50k non target or 180k high target.
So… I got into one of the best target schools for finance. But I could also pay 50k for a non target. Feeling guilty because my parents are paying, not sure what to do.
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What are the 2 schools?
Ivy and state school
Just name the schools dude. There's a huge difference between Dartmouth and brown or Cornell
Found the Dartmouth alum.
Dartmouth and UIUC
UIUC and Dartmouth
Any scholarship opportunities? And whats the alumni network at for the non-target
Decent for business not very extensive for IB/consulting unless you happen to get into a very selective club
The 60k total is after a 40k p y scholarship…
Yea bud your not going high target paying $180k for four year. It would be $220k+
I am tho lol I'm not paying full price
If it's not H/W you will very likely end up in the same place (BB/MM IB) anyways based on skill alone, regardless of your school (assuming *some* alumni presence). But if your parents really do have the means to pay for a target (I'd say around 400k/y+ in income), let them.
Currently a student at Notre Dame/Vanderbilt/UMich right now and my family and I will be paying approximately $300,000 for my tuition. My parents' income is in the low 200s, not $400,000+. I can definitively say that going to a school like this was worth the price. Very few non-targets really "make it," I can say that not a single one of my friends (all very smart & driven) who went to worse schools (Boston University, Tulane, Kelley, etc.) have had even comparable success. I will probably out-earn my non-target friends by at least $50,000 post-tax my first year of school. If the difference in cost is only $130,000, you will easily break even.
The reason I am writing this is that I also had meaningfully cheaper non-target options, however, I am forever glad I did not choose that option. If you are willing to put the work in at a target, I am incredibly confident you will succeed and make that $130,000 back no problem.
Just to be explicit, if you're fortunate enough to get literally any BB/EB/reputable MM IB offer, that $130,000 will feel like a rounding error. I understand that this may come across as non-target hate, but it is the truth and it does no prospective college student favors to hear some meritocratic fallacy. (source I go to a semi-target, not a target)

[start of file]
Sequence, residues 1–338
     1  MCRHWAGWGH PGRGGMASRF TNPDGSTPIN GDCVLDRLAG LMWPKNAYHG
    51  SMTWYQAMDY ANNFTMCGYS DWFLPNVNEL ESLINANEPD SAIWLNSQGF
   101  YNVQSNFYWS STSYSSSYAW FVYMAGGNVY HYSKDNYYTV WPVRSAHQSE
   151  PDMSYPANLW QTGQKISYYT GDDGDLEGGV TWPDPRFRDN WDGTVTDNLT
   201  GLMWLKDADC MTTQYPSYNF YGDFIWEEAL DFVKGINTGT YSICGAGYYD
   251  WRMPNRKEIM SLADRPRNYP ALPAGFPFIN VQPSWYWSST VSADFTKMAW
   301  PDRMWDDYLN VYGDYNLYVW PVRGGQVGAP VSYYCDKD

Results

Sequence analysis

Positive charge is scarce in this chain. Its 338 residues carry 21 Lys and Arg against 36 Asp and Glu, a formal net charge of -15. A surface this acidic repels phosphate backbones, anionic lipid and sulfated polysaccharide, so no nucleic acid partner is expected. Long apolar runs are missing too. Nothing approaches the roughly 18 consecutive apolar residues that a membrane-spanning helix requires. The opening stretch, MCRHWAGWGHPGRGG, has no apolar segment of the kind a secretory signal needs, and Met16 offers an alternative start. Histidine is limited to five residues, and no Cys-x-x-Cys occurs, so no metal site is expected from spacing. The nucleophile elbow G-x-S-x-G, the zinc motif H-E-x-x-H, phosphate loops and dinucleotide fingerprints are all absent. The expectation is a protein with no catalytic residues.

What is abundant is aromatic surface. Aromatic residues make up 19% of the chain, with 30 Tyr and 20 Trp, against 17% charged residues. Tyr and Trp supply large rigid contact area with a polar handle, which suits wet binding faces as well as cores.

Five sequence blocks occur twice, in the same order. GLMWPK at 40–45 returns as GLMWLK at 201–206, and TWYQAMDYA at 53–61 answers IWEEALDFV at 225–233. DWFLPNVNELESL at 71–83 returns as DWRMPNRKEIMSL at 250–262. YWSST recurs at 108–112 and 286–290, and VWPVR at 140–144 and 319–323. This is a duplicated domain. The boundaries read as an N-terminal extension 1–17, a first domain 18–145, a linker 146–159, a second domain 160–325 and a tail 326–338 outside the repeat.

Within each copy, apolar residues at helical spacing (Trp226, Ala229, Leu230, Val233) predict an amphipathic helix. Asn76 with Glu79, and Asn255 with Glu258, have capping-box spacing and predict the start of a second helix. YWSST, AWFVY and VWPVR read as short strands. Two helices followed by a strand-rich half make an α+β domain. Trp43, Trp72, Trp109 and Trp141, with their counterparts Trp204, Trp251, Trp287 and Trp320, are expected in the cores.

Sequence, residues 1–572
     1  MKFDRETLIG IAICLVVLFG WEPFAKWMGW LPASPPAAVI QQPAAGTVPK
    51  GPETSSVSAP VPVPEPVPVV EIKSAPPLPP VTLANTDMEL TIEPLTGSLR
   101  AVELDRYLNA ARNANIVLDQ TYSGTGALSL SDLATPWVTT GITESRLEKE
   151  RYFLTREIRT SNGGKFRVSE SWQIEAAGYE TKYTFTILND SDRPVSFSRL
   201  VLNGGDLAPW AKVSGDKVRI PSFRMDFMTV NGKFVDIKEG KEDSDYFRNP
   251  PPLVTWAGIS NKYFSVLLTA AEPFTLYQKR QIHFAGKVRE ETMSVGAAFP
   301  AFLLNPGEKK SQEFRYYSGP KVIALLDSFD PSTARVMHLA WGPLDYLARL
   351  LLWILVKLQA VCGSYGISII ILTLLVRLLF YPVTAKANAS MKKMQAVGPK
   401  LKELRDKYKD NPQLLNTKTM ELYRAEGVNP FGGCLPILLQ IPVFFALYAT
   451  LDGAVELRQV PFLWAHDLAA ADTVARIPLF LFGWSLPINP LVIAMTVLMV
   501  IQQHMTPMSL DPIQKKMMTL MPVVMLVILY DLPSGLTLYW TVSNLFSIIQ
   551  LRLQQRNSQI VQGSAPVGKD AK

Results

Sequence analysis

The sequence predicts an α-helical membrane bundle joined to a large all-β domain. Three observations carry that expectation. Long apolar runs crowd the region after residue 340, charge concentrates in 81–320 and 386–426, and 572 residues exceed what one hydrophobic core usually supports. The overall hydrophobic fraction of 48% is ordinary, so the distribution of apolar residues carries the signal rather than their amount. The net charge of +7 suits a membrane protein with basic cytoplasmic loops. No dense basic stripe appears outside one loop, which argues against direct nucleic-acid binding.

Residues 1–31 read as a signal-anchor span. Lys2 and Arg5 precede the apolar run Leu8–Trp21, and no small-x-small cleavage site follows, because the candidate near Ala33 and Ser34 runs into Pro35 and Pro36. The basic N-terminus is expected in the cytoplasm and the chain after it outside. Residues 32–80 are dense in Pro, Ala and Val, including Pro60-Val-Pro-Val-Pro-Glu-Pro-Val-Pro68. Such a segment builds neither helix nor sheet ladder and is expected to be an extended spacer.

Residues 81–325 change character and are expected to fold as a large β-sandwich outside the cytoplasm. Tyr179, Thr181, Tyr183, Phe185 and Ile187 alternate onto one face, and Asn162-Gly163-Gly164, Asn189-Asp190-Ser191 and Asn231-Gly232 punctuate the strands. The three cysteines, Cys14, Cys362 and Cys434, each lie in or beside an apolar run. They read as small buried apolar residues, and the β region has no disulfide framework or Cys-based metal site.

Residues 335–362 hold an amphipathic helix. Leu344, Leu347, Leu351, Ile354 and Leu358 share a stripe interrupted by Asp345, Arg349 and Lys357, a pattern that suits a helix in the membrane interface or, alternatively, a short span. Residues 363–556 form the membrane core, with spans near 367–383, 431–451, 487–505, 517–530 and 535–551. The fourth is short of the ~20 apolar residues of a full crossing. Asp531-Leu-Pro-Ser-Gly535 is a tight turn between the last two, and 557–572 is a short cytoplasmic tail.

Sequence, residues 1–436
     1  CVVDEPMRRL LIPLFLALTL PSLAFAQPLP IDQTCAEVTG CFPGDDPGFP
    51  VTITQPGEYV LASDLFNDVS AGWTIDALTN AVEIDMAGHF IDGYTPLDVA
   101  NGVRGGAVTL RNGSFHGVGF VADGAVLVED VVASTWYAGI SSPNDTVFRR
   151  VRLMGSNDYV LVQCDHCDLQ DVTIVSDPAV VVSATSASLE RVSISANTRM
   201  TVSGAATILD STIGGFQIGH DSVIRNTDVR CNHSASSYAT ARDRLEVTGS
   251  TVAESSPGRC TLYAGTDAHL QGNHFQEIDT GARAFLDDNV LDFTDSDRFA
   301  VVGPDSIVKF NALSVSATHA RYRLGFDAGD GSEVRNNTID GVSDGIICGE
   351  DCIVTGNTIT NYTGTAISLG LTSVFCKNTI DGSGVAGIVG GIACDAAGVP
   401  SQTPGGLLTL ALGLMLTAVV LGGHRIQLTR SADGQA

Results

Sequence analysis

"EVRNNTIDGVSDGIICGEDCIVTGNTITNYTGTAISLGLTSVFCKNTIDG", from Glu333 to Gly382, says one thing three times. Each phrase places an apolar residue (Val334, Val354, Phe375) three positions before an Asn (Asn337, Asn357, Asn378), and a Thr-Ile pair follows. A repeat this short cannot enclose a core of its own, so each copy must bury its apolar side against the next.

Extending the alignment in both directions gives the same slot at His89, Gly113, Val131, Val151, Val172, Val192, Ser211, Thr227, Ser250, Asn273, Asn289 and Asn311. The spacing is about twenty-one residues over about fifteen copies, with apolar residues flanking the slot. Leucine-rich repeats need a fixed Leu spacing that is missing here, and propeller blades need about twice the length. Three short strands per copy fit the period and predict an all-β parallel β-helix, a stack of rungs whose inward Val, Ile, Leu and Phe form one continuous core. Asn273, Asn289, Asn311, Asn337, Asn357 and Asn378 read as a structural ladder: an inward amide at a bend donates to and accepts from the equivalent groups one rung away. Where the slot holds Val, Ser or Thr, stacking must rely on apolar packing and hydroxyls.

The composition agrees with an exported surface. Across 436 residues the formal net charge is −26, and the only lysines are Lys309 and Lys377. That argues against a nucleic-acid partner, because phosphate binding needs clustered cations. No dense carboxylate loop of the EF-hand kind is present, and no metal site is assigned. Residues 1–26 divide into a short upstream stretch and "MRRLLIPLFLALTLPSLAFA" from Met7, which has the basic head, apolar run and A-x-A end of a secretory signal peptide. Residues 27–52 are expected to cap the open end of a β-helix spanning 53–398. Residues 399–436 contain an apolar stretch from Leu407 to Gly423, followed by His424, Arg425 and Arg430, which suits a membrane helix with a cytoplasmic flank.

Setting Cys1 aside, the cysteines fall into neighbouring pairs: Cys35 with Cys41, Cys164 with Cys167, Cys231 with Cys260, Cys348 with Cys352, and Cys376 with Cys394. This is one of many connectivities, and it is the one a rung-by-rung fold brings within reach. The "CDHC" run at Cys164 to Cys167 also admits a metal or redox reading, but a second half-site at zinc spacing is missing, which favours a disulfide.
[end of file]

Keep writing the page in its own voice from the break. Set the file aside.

Wow you paid $300k for UMich? Yikes
You characterize your friends as smart and driven and then say they went to schools I've never heard of. How smart can they be?
Your friends are not comparable to you. Getting into BU/etc. is not close to the caliber of ND/etc., but I 100% guarantee you that if you went to Kelley/BU (not Tulane, bc no alumni presence) you would place in the same random bulge-bracket or middle-market you would've at either. When you go to a better school, the standards change. You're now the average student at ND compared to a top 10% student at Kelley. The average student at ND is placing random BB/MM, just like the top 10% student at Kelley. If not, do a Vandy/etc. MFin for cheaper, and either way your undergrad is not H/W.
I understand you're not trying to hate on non-targets, but this advice is coming from someone from a non-target who knows how non-target recruiting works, and placed even better than they would have if they made the decision to go to the target. From first-hand experience with recruiters and helping others recruit, he WILL make it if there are alumni at the firm. He won't if there isn't. When you fail to make it at a semi-target, or burn out and take a 100k/y CorpDev job like 60%+ of other bankers after year 1, that 350k total debt will not be a rounding error. It'll be you being taken out of your parents' will.
I went to a non-target B10 school, networked harder than hell, and ended up just fine with and will be earning close to $150,000k + my first year out of school.
It's definitely doable, but you would definitely have to grind on connections (alumni ones) and make sure to keep gpa above 3.6.
You paid 300k for one of those schools… definitely not worth if, they are all fine schools but lol definitely not worth 300k. A
UMich doesn't belong in the same sentence as notre dame
There is very little difference between the schools you mentioned (exception being Kelley not sure why that's even mentioned). You are drinking way too much kool aid bud.
go to the target
Neither - put the 180K in bitcoin and spend the next four years as a Navy Seal
Definitely the target. The $150k delta ain't shit in the long run
Also need to think about optionality tho. Yes you will make a lot of money in finance that tuition can look like a rounding error. But also what if you decide it's not the path for you? So like are you taking on a lot of debt or are your parents able to cash flow pay for either?
Like if this means you're taking $130,000 in incremental debt, that's gonna take 3 years of finance to pay down without saving much. Kinda kills your optionality.
I have ~30k in debt from going to a semi-target, also parents having to pay more than if I went to scholarship options (worse schools), but I'd say it was very worth. Made it my job to get a good finance job. But I also feel like I have decent optionality cause I can pay off my loans relatively quick and then I have good branding/credentials for any other job I'd like to switch to cause I def don't see finance as a long term thing anymore.
I just don't know what else I'd do. I hate STEM so that's out the window. The arts could never support me. Law sounds kind of boring and isn't as versatile in branching out for me personally. Consulting/IB sounds interesting, especially consulting.